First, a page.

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Über dieses Buch

This book constitutes the thoroughly refereed proceedings of the 8 th Russian Summer School on Information Retrieval, RuSSIR 2014, held in Nizhniy Novgorod, Russia, in August 2014.

The 14 papers presented were selected from various submissions. The papers focus on visualization for information retrieval along with other topics related to information retrieval.



Tutorial Papers


Document Analysis and Retrieval Tasks in Scientific Digital Libraries

Machine Learning (ML) algorithms have opened up new possibilities for the acquisition and processing of documents in Information Retrieval (IR) systems. Indeed, it is now possible to automate several labor-intensive tasks related to documents such as categorization and entity extraction. Consequently, the application of machine learning techniques for various large-scale IR tasks has gathered significant research interest in both the ML and IR communities. This tutorial provides a reference summary of our research in applying machine learning techniques to diverse tasks in Digital Libraries (DL). Digital library portals are specialized IR systems that work on collections of documents related to particular domains. We focus on open-access, scientific digital libraries such as CiteSeer\(^x\), which involve several crawling, ranking, content analysis, and metadata extraction tasks. We elaborate on the challenges involved in these tasks and highlight how machine learning methods can successfully address these challenges.
Sujatha Das Gollapalli, Cornelia Caragea, Xiaoli Li, C. Lee Giles

Online Experimentation for Information Retrieval

Online experimentation for information retrieval (IR) focuses on insights that can be gained from user interactions with IR systems, such as web search engines. The most common form of online experimentation, A/B testing, is widely used in practice, and has helped sustain continuous improvement of the current generation of these systems.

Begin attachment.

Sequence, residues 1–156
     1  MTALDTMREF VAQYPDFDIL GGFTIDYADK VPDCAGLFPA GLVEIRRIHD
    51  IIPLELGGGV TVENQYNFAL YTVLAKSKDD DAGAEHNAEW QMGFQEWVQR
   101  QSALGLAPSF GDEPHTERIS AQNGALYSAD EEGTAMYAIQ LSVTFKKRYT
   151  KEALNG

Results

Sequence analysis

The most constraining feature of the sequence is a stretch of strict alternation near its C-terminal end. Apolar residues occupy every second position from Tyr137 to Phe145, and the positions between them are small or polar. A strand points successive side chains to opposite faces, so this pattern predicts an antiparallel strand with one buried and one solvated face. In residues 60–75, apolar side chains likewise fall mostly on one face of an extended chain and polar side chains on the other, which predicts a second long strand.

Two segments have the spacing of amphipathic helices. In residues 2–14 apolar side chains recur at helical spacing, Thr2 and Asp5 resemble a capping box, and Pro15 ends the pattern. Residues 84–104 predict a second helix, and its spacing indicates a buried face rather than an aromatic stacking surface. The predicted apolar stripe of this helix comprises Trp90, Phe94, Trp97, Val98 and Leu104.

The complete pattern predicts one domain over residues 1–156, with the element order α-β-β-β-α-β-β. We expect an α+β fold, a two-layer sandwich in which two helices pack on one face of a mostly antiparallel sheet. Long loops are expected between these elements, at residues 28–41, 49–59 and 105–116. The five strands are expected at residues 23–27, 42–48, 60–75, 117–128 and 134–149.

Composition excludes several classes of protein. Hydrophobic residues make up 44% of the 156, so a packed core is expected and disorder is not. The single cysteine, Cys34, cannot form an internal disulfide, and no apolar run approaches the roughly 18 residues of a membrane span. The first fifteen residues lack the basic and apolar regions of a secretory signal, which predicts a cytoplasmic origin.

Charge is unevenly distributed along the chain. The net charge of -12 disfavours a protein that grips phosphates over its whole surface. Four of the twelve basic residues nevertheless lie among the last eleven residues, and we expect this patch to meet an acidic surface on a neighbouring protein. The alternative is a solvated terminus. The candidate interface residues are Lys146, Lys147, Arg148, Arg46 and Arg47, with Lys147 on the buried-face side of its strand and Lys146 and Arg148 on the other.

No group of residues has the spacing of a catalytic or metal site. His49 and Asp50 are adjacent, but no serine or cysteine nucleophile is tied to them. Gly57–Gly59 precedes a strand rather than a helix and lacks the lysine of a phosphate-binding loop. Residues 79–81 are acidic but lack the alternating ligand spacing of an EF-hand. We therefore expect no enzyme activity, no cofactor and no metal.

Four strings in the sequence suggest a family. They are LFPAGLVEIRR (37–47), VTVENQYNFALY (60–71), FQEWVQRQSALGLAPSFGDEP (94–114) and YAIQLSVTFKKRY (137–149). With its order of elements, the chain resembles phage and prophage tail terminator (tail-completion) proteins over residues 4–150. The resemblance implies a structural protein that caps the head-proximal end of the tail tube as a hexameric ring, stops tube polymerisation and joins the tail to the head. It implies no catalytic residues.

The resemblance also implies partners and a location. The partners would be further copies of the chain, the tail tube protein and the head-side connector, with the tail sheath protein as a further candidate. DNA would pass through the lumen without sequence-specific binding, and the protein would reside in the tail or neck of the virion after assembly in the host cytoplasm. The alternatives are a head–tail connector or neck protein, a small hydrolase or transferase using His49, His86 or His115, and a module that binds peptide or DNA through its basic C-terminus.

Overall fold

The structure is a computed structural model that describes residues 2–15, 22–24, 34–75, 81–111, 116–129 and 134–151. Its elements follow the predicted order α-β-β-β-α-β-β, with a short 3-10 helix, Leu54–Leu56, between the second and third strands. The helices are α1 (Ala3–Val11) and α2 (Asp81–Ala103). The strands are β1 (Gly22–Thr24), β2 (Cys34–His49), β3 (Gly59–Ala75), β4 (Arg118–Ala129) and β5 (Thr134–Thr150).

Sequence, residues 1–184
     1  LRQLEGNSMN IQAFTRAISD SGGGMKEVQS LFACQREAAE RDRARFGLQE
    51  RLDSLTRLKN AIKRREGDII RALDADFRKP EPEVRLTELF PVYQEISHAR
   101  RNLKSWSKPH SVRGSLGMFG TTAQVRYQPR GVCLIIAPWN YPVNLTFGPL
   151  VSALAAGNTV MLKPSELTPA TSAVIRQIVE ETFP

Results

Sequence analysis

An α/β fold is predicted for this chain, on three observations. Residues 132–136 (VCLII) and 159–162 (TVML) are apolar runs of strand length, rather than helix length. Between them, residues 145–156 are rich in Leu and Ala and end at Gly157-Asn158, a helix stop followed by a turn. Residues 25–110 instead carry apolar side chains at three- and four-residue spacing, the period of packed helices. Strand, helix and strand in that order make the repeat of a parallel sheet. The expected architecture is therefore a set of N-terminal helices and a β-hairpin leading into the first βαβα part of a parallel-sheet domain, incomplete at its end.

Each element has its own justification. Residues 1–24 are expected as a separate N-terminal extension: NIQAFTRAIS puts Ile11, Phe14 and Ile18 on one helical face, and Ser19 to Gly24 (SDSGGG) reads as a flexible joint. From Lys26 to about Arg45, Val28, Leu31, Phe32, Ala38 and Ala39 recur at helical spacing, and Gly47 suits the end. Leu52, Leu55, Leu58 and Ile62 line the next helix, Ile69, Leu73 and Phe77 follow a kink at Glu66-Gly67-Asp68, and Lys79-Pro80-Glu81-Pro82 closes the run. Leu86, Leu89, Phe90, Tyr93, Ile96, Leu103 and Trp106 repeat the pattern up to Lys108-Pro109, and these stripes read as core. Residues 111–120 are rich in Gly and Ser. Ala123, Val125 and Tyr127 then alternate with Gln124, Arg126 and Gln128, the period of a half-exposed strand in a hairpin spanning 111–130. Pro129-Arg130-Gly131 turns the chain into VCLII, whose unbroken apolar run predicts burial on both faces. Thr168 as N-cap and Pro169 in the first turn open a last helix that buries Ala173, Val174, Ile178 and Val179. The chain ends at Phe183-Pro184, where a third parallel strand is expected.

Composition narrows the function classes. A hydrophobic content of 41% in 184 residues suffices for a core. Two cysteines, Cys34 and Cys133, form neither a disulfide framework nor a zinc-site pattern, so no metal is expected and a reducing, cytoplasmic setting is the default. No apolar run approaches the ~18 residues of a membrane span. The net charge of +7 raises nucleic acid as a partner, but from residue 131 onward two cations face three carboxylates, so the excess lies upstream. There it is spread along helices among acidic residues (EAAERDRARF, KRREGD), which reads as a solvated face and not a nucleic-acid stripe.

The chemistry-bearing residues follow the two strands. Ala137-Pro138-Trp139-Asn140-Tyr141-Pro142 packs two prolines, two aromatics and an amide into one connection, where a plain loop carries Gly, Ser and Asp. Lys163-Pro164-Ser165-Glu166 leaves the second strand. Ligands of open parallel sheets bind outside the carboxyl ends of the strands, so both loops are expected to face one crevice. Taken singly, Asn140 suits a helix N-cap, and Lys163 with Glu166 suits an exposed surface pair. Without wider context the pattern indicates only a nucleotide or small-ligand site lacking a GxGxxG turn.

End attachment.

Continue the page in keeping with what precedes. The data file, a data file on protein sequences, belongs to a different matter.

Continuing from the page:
As online experimentation is taking a more and more central role in IR research and practice, new techniques are being developed to address, e.g., questions regarding the scale and fidelity of experiments in online settings. This paper gives an overview of the currently available tools. This includes techniques that are already in wide use, such as A/B testing and interleaved comparisons, as well as techniques that have been developed more recently, such as bandit approaches for online learning to rank.
This paper summarizes and connects the wide range of techniques and insights that have been developed in this field to date. It concludes with an outlook on open questions and directions for ongoing and future research.
Katja Hofmann

Introduction to Formal Concept Analysis and Its Applications in Information Retrieval and Related Fields

This paper is a tutorial on Formal Concept Analysis (FCA) and its applications. FCA is an applied branch of Lattice Theory, a mathematical discipline which enables formalisation of concepts as basic units of human thinking and analysing data in the object-attribute form. Originated in early 80s, during the last three decades, it became a popular human-centred tool for knowledge representation and data analysis with numerous applications. Since the tutorial was specially prepared for RuSSIR 2014, the covered FCA topics include Information Retrieval with a focus on visualisation aspects, Machine Learning, Data Mining and Knowledge Discovery, Text Mining and several others.
Dmitry I. Ignatov

Visualization and Data Mining for High Dimensional Data

–With Connections to Information Retrieval
The first, and still more popular application, of parallel coordinates is in exploratory data analysis (EDA); discovering data subsets (relations) satisfying given objectives.
Alfred Inselberg, Pei Ling Lai

Web as a Corpus: Going Beyond the n-gram

The 60-year-old dream of computational linguistics is to make computers capable of communicating with humans in natural language. This has proven hard, and thus research has focused on sub-problems. Even so, the field was stuck with manual rules until the early 90s, when computers became powerful enough to enable the rise of statistical approaches. Eventually, this shifted the main research attention to machine learning from text corpora, thus triggering a revolution in the field.